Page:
How Is Guideline Child Support Established in San Diego and How Can You Request That the Court Deviate From This Amount?
When determining what amount to order one parent to pay another for child support in a family law case in San Diego, the Court utilizes a computer formula that calculates what is referred to as a “guideline” amount. Numerous factors are considered when calculating guideline support, including but not limited to: each party’s tax deductible income, each party’s non-tax deductible income, the amount of parenting time spent with each party (calculated in a percentage), costs each party may pay into mandatory retirement funds, and costs either party may pay for medical insurance. In San Diego, the Court puts these numbers into a computer program called “Disso Master,” and a guideline child support figure is calculated. Other Courts may use different programs, but the guideline formula is the same. This ensures uniformity throughout Courts in California when it comes to guideline child support figures.How Do I Ask the Court to Order an Amount Different From Guideline?
Although the presumption is for the Court to simply order guideline support, a party can make a specific request for the Court to deviate from this. In San Diego, there’s a specific procedure required when requesting that the Court deviate from ordering guideline child support. The requesting party must first file a motion. Included in this motion, under the California Rules of Court 5.260 (b)(1), a person asking the Court to deviate from guideline child support must file a declaration indicating the amount being requested (either higher or lower than guideline), and the factual basis and legal argument that justifies the Court ordering an amount other than guideline. The declaration needs to involve legal argument and can often be extremely difficult to craft persuasively.How Does the Judge Decide Whether to Deviate From Guideline Support?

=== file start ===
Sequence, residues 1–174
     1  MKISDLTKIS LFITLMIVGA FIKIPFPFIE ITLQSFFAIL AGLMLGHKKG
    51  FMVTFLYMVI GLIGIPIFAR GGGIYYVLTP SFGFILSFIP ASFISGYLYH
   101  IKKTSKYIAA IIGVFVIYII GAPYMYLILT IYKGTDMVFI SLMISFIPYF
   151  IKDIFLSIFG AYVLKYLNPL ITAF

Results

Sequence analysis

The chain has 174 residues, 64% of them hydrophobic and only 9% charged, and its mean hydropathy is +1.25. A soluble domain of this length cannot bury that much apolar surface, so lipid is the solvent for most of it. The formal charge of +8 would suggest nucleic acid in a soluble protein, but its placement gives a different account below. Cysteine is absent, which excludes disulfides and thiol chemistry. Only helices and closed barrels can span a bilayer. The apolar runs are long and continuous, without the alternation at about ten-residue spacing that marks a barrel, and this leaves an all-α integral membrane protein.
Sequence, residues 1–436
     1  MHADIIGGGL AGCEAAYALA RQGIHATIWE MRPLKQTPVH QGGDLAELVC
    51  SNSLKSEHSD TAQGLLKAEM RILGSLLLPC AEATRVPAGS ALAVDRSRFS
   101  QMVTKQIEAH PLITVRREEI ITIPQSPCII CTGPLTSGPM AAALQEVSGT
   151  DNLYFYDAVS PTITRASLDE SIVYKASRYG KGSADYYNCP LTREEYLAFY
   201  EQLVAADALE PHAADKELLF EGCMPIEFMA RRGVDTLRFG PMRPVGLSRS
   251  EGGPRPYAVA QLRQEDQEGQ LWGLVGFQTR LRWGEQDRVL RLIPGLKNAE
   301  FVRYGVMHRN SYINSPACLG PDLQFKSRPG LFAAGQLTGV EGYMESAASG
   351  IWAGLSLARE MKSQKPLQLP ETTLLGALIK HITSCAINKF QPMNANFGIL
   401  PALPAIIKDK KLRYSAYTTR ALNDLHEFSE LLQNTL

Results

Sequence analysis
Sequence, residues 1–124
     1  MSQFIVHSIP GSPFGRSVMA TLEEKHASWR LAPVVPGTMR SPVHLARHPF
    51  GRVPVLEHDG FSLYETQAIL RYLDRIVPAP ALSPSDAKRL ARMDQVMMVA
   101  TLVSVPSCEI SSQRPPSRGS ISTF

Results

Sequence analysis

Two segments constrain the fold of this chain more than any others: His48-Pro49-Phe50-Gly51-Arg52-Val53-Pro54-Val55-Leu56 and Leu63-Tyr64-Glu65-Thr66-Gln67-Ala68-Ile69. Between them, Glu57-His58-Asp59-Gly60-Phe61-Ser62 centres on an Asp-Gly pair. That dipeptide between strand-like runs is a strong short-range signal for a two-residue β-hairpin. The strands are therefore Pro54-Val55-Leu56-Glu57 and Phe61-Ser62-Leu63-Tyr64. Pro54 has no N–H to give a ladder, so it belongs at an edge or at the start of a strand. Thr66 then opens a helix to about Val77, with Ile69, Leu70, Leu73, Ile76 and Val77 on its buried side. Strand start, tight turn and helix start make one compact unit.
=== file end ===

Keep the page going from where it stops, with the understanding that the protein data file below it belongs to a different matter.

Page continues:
The presumption to order guideline support is a rebuttable one, as indicated in Family Law Code Section 4057, and the burden of rebutting the presumption rests on the requesting party. One way to rebut the presumption, is by providing proof that ordering guideline support would be unjust or inappropriate. There are numerous factors that could prove an order would be unjust or appropriate, such as: travel expenses to visit the child, uninsured losses of one party, an agreement to deviate from guideline, the paying parent supporting children from another marriage or relationship, extremely high income of the paying spouse (which would result in an amount above guideline), among many others. The Court will require that the requesting party prove that the guideline support amount is unjust or inappropriate by a preponderance of the evidence. If the Court finds that the party has met their burden of proof, they will make either oral or written findings, and issue an order deviating from guideline support, specifically stating their underlying facts, circumstances and reasons which support the decision. They will also need to specifically state the amount of the deviation, and the duration for which this order will be in place.
Asking the Court to deviate from guideline child support and filing a motion can be very technical and difficult. While a person may be entitled to a deviation if the Family Law Code, Local Rules and other applicable law are not followed, it’s likely the Court will deny your motion on procedural grounds alone. It’s important to hire an experienced attorney to assist you